An increase in the concentration of hepatic iron during the metamorphosis of the lamprey Geotria australis is accompanied by increased superoxide dismutase activity
Harris, L.R., Cake, M.H., Macey, D.J. and Potter, I.C. (1990) An increase in the concentration of hepatic iron during the metamorphosis of the lamprey Geotria australis is accompanied by increased superoxide dismutase activity. Fish Physiology and Biochemistry, 8 (6). pp. 451-457.
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The concentration of total non-haem iron and its ferritin iron component, and the activity of the enzyme superoxide dismutase (SOD), were measured in the livers of ammocoetes, metamorphosing animals (stages 1–7) and recently metamorphosed downstream migrants of the lamprey Geotria australis. Total non-haem iron in the liver rose significantly from 0.15–0.55 μg.mg wet weight−1 in ammocoetes and metamorphosing stages 1–3 to 2.2–2.9 μg.mg−1 in stages 5–7 and to 8.8 μg.mg−1 in downstream migrants. The comparable values for ferritin iron were 0.06–0.26, 1.4–2.0, and 5.3 μg.mg−1. Superoxide dismutase activity fell sharply from 0.39 μg.mg−1 in large ammocoetes to between 0.07 μg.mg−1 in stage 1 and 0.15 μg.mg−1 in stage 6, before rising significantly to 0.26 μg.mg−1 in stage 7 and 0.35 μg.mg−1 in downstream migrants. The sharp fall in SOD activity at the beginning of metamorphosis is assumed to be related to the marked decline in plasma iron which occurs at the onset of this non-trophic phase in the life cycle. It is proposed that the subsequent increase in SOD activity in the liver of G. australis with increasing iron represents a mechanism aimed at reducing the potentially toxic effects of iron accumulation. This view is consistent with the significant and positive correlation found between both total non-haem and ferritin iron and SOD activity in the liver of non-trophic animals.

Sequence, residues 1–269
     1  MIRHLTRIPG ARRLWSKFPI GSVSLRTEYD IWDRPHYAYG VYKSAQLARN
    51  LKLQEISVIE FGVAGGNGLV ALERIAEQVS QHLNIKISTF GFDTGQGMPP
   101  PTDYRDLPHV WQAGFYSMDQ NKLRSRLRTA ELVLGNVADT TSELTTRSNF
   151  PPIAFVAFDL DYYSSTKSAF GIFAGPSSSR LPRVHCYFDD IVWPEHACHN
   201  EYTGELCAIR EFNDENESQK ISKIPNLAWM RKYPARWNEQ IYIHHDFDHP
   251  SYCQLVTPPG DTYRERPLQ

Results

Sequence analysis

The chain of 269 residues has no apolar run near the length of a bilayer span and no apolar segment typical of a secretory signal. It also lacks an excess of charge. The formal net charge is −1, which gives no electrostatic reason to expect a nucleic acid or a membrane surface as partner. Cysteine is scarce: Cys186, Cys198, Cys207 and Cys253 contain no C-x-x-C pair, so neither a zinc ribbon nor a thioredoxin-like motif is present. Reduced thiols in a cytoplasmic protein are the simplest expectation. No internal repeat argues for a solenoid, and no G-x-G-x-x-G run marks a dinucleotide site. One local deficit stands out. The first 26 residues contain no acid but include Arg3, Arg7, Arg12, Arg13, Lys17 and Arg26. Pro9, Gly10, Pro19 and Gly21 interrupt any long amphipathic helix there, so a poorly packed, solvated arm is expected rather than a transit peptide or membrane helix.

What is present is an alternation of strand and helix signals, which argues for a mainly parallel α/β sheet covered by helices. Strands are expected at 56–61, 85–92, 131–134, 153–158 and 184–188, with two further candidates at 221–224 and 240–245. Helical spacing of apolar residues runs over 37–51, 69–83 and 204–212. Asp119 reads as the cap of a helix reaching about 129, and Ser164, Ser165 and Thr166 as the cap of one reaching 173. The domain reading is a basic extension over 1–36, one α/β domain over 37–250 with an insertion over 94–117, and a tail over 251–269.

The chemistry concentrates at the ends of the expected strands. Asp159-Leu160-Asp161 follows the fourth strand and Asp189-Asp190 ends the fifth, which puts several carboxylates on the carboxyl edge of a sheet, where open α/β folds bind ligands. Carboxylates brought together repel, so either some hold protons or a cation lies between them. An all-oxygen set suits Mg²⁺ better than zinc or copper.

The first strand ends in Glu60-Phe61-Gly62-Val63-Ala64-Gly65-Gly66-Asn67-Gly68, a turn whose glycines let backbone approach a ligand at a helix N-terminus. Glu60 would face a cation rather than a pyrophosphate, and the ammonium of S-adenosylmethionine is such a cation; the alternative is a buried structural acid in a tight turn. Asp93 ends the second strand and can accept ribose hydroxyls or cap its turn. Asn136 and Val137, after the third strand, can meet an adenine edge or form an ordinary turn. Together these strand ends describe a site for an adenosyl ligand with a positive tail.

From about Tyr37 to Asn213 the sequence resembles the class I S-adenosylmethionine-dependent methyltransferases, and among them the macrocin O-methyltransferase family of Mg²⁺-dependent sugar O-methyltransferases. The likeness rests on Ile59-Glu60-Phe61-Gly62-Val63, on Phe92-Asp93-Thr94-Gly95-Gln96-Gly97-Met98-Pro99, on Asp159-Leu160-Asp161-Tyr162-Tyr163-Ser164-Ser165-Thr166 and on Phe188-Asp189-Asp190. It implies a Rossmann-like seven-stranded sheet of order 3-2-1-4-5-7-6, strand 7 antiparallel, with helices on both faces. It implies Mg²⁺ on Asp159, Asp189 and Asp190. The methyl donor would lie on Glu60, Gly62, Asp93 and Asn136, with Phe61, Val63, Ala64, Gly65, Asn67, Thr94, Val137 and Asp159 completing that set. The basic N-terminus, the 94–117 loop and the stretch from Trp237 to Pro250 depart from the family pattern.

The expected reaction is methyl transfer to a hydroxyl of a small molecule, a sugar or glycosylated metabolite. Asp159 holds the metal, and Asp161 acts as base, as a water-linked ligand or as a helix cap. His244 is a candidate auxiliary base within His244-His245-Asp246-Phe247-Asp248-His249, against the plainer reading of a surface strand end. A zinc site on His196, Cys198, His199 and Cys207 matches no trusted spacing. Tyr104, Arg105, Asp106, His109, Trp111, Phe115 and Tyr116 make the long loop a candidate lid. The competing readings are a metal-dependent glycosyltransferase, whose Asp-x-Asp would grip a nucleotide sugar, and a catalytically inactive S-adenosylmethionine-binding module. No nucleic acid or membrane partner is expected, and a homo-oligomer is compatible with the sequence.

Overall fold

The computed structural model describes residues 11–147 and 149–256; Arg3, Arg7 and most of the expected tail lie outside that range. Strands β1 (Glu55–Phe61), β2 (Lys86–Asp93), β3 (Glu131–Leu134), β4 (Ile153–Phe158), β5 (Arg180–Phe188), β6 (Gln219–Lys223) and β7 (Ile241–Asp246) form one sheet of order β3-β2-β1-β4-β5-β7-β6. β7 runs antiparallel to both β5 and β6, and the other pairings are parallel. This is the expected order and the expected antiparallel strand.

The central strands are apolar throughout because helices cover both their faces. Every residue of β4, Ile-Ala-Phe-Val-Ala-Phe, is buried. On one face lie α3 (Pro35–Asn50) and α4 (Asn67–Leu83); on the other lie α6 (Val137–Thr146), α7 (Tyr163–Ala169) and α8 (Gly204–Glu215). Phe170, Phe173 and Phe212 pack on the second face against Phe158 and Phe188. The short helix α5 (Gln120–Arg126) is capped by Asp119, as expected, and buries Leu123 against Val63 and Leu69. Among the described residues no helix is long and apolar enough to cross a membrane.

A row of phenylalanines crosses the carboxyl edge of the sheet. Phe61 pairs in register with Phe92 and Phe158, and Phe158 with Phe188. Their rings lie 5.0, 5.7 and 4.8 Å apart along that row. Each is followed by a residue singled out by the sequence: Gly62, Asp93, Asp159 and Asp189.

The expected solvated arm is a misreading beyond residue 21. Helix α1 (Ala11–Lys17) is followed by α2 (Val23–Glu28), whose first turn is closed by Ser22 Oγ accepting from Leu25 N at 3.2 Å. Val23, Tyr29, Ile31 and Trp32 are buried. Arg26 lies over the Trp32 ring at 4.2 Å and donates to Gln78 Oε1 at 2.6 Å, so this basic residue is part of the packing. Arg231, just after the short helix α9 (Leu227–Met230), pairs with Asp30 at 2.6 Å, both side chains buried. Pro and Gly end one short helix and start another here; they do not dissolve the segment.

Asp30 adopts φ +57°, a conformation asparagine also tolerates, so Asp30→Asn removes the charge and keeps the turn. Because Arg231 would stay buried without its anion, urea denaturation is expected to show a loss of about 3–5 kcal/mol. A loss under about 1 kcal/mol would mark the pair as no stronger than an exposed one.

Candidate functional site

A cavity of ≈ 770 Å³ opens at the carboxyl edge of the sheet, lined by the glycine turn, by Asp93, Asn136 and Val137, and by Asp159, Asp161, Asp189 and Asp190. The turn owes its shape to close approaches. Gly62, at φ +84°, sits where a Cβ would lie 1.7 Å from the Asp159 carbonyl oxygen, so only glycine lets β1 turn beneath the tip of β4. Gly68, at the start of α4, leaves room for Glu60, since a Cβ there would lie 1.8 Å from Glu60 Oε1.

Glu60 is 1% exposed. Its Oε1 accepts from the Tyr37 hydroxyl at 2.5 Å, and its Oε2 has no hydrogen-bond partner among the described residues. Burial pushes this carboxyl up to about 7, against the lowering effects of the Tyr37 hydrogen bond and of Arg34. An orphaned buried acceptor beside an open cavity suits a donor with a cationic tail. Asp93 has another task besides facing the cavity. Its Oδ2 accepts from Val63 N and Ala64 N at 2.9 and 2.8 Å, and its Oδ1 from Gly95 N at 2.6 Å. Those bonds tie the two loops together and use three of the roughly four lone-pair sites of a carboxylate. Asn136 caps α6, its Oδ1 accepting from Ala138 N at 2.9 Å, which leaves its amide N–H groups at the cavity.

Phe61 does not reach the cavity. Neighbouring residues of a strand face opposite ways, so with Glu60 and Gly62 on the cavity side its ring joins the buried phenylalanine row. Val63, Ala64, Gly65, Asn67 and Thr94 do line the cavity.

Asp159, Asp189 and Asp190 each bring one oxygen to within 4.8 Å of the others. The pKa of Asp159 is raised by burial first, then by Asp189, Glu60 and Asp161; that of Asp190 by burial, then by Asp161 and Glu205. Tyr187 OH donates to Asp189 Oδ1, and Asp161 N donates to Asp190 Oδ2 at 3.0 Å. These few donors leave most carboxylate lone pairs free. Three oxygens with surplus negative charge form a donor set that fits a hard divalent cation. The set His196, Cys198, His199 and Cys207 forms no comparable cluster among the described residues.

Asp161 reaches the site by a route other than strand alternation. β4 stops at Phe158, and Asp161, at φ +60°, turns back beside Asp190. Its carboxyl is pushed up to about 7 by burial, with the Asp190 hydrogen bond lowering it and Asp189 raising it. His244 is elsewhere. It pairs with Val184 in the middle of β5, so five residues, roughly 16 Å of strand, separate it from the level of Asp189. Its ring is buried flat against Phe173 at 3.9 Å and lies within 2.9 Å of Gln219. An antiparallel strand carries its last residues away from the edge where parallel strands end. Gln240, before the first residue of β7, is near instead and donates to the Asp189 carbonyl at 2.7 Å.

|Publication Type:||Journal Article|
|Murdoch Affiliation:||School of Biological and Environmental Sciences|
|Copyright:||© 1990 Kugler Publications|
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